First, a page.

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There is a huge chasm between theory and practice. There are many reasons for this, but two common reasons are that companies are often too busy or too budget-constrained to invest in education to close the gaps. Simply put, they are hunkering down to deliver the goods.
Many academic theories are not just theories. Rather they are often mathematically and economically proven approaches that can help companies drive true transformation. For example, contract theory was last year's winning topic for the Nobel Prize in Economic Sciences.
Two professors and economists — Oliver Hart and Bengt Holmström — received the 2016 Nobel Prize for their insights into modern contract theory, specifically how businesses and organizations can better understand and design contracts in the “real world,” with all of its complexities and uncertainties.
The Nobel Prize Committee described contract theory as “a comprehensive framework for analyzing many diverse issues in contractual design, like performance-based pay for top executives, deductibles and copays in insurance, and the privatization of public-sector activities.”
Hart said, “Contracts are just an incredibly powerful way of thinking about parts of economics. They’re just fundamental to the whole idea that trade is a quid pro quo and that there are two sides to a transaction.”
In fact, Hart, an economics professor at Harvard and Holmström, an MIT economics professor, believe that contracting is an art. The Nobel Prize committee noted, “Relationships typically entail conflicts of interest, contracts must be properly designed to ensure that the parties take mutually beneficial decisions…Oliver Hart’s and Bengt Holmström’s research sheds light on how contracts help us deal with conflicting interests.”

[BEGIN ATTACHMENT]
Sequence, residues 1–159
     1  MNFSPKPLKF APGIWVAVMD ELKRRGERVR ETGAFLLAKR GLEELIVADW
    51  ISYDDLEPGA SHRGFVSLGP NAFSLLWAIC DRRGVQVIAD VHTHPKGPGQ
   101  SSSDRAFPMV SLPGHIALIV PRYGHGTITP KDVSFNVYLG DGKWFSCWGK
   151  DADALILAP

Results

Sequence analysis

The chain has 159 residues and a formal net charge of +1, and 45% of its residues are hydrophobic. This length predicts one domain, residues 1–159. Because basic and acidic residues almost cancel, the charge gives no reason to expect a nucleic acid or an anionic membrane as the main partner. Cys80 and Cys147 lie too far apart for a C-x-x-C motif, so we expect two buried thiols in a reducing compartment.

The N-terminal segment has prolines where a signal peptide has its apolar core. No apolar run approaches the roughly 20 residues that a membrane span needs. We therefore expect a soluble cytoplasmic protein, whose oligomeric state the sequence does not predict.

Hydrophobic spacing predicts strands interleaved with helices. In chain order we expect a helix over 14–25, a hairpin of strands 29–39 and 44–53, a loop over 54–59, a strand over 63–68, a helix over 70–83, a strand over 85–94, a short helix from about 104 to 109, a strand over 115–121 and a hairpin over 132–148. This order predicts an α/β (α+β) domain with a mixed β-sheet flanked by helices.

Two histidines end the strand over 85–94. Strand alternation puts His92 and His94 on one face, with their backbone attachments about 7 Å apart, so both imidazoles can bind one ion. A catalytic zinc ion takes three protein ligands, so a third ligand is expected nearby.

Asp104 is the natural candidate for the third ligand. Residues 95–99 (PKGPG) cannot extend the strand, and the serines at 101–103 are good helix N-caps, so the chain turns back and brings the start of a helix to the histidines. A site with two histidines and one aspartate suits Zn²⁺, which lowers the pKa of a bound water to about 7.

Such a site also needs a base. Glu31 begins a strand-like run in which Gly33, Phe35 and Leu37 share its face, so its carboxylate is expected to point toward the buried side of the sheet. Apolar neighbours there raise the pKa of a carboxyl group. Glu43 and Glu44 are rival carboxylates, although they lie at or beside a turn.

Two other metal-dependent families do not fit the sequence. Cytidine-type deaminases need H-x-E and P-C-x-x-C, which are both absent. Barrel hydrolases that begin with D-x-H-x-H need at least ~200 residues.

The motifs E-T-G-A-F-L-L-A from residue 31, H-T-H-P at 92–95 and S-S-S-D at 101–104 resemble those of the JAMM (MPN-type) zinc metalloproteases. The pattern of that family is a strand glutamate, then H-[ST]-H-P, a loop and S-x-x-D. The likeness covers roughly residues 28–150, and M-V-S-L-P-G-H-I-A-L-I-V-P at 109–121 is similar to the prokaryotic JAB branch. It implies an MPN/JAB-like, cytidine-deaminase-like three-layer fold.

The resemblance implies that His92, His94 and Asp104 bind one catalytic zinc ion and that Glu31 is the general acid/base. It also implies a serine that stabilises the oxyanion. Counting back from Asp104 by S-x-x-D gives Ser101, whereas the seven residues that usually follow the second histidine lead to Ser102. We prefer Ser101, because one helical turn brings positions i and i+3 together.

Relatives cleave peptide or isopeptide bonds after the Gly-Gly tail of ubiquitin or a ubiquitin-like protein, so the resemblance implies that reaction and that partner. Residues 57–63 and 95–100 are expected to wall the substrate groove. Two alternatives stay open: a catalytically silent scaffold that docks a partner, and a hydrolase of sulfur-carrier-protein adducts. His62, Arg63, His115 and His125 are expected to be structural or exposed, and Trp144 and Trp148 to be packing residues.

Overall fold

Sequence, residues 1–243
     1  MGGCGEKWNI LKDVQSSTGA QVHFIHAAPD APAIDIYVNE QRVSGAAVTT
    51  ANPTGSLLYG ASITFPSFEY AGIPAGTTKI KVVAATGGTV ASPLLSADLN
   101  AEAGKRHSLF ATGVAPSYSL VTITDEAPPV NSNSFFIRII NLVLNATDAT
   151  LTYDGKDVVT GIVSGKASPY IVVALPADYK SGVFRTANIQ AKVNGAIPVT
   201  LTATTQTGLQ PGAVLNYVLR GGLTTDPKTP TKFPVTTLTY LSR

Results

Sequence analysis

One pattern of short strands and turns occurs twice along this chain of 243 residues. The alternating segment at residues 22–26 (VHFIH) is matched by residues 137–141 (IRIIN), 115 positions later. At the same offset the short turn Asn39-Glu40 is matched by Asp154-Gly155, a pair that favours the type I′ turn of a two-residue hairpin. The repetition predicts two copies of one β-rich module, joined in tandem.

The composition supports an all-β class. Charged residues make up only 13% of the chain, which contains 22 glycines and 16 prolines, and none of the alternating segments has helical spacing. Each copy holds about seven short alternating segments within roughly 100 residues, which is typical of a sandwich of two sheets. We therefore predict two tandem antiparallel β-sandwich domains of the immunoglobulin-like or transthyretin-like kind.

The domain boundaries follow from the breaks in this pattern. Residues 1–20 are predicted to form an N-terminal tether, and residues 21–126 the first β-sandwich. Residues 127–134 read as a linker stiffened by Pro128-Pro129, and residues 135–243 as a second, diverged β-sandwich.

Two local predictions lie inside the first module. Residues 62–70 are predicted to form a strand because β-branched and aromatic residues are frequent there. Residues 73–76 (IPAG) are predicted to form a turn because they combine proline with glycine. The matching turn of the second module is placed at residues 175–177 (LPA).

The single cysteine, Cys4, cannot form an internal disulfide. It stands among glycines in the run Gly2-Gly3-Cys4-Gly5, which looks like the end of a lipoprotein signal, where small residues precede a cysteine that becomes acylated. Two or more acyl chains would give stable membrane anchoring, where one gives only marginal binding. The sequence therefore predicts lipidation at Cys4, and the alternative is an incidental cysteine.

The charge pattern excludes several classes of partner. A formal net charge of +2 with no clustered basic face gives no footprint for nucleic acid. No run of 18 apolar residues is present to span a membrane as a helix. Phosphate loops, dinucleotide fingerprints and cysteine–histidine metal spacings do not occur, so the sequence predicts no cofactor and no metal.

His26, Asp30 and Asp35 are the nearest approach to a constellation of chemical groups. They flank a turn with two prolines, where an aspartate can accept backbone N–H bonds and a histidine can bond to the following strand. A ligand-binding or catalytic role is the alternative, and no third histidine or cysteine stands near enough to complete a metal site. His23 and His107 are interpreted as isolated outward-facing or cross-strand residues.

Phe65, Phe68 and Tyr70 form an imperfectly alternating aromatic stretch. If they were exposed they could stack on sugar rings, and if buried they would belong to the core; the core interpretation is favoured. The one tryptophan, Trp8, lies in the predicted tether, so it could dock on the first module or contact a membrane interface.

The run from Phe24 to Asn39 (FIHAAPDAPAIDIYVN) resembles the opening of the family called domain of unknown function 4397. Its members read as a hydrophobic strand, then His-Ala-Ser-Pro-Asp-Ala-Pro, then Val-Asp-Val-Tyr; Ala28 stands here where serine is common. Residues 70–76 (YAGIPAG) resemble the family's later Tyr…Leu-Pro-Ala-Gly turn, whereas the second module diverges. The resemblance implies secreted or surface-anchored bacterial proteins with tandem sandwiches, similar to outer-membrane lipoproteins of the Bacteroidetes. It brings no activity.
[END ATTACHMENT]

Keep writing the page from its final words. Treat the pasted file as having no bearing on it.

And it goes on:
Hart and Holmström are not the only academics with great advice. Here is a list of five Nobel Prizing-winning economists and how you can begin to apply some of their theories into practice:
1. Oliver Hart (2016 winner): Contract Theory. Application: All complex contracts are incomplete. Develop contracts that are flexible frameworks and allow for changes.
2. Oliver Williamson (2009 winner): Transaction Cost Economics: Use a credible (not a muscular) approach for working with business partners.
3. Ronald Coase (1991 winner): Transaction Costs. It is not enough to include only production and transportation costs — companies need to understand all transaction costs, such the cost of entering and executing contracts.
4. Robert Solow (1987 winner): Solow’s Law. There is a crucial connection between innovation and economic growth, with economic growth being tied to “technological improvements” defined by improvements in business processes or products.
5. John Nash (1994 winner): Game Theory. The best results come from everyone in a group cooperating to do what’s best both for themselves and the group.
The supply-chain function has come a long way. Yet there is work — brain work — that procurement and supply chain professionals can apply to help them further improve their supply chains. That brain work involves turning academic theories into practice. It’s never too late to go back to school, but the real magic happens when organizations seek ways to bridge the gap between academic theories to practice.
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